How to recognize Pedunculate and Sessile Oak?
The sessile oak and the pedunculate oak are close cousins. Physically, they look a lot alike, and at equal quality, their wood has the same uses. It is nevertheless essential to know how to distinguish them. Their character, their performance, their requirements differ practically on everything, which has important consequences on the forestry that it is advisable to apply to them.
Considering their strong resemblance, to distinguish the sessile oak from the pedunculate oak require to know what are the details that make the difference. Furthermore, among these details, some are easier to observe and more reliable than others.
Recognition of the fruits: on the ground, it is the difference of shape between the fruitings that allows to distinguish most certainly the sessile oak of the pedunculate oak. With oaks, this one is constituted by the acorn, the cupule which wraps the base of the acorn and, possibly, by the peduncle which connects the whole with the branch.
Pedunculate oak: the acorn with its cupule is connected with the branch by a long peduncle. The acorn has a elongated form, like a cylinder. When several acorns are on the same peduncle, they are clearly separated from each other.
Sessile oak: acorns and cupules are directly fixed to the twig. The acorn has a form similar to an egg, wider at the base. On the branch, acorns are grouped in heap.
Recognition of the leaves: to distinguish the two oaks through the differences of shape between leaves is also a reliable means. Three key elements should be observed : the length of the petiole, the base of the leaf, and the nervures. In addition, the observation of the distribution of leaves on the branch can help to validate a foliar diagnosis sometimes delicate. Indeed, the atypical, even puzzling cases, are not rare, especially in the mixed populatings. When the doubt persists, it is then necessary to do the diagnosis with several leaves (about ten) of the same tree.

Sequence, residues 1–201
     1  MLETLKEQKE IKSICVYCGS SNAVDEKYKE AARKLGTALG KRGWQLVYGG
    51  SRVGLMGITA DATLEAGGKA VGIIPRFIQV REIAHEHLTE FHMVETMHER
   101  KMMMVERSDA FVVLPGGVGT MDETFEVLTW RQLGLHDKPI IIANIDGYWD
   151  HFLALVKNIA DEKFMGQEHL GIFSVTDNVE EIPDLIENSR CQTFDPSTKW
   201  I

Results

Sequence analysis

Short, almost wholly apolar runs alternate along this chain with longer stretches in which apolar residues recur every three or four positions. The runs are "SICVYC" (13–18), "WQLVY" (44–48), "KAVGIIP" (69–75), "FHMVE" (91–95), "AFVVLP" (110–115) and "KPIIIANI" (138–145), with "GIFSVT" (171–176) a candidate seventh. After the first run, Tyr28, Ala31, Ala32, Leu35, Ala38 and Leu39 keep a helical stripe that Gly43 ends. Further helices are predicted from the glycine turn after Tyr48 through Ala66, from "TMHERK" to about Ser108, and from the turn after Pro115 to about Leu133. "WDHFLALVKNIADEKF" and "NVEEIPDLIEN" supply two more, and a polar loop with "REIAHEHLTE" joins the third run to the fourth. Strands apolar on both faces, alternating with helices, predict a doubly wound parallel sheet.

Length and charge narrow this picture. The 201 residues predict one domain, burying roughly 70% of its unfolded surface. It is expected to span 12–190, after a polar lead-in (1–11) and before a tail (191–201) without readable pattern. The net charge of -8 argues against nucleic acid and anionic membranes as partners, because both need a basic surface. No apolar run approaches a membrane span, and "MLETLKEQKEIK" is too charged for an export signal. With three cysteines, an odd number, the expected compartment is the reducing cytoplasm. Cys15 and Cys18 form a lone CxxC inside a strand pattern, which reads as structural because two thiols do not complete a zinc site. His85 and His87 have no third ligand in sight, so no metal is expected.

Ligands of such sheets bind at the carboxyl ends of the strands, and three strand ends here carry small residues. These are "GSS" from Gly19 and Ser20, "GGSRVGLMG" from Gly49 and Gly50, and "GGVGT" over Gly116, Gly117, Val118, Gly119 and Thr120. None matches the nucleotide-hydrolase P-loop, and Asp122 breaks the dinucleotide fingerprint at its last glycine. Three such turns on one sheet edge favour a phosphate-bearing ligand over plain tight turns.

Typical pedunculate oak leaf: the length of the petiole (connecting the leaf with the branch) is between 4 and 8 mm. The base of the leaf forms two auricles before being connected with the petiole. More than 3 protruding ribs in leaf lobe. On branches, leaves are grouped in heap which makes them hardly individualisables.
Typical sessile oak leaf: the petiole is from 13 to 17 mm in length. Frequents absence of auricles on the base of the leaf. Less than 3 protruding ribs in leaf lobe. On branches, leaves are distributed well which makes them easily individualisables.
Recognition of the buds: in the absence of leaves and of fruitings, the buds, when they are visible, can allow to distinguish the two different oaks. The buds of the sessile oak are egg-shaped sharp, those of the common oak - egg-shaped spherical.